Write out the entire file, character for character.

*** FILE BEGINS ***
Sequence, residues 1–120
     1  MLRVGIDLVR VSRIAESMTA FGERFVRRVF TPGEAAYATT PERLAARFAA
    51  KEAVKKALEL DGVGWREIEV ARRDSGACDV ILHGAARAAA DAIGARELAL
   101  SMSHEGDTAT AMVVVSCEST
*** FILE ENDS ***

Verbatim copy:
Sequence, residues 1–120
     1  MLRVGIDLVR VSRIAESMTA FGERFVRRVF TPGEAAYATT PERLAARFAA
    51  KEAVKKALEL DGVGWREIEV ARRDSGACDV ILHGAARAAA DAIGARELAL
   101  SMSHEGDTAT AMVVVSCEST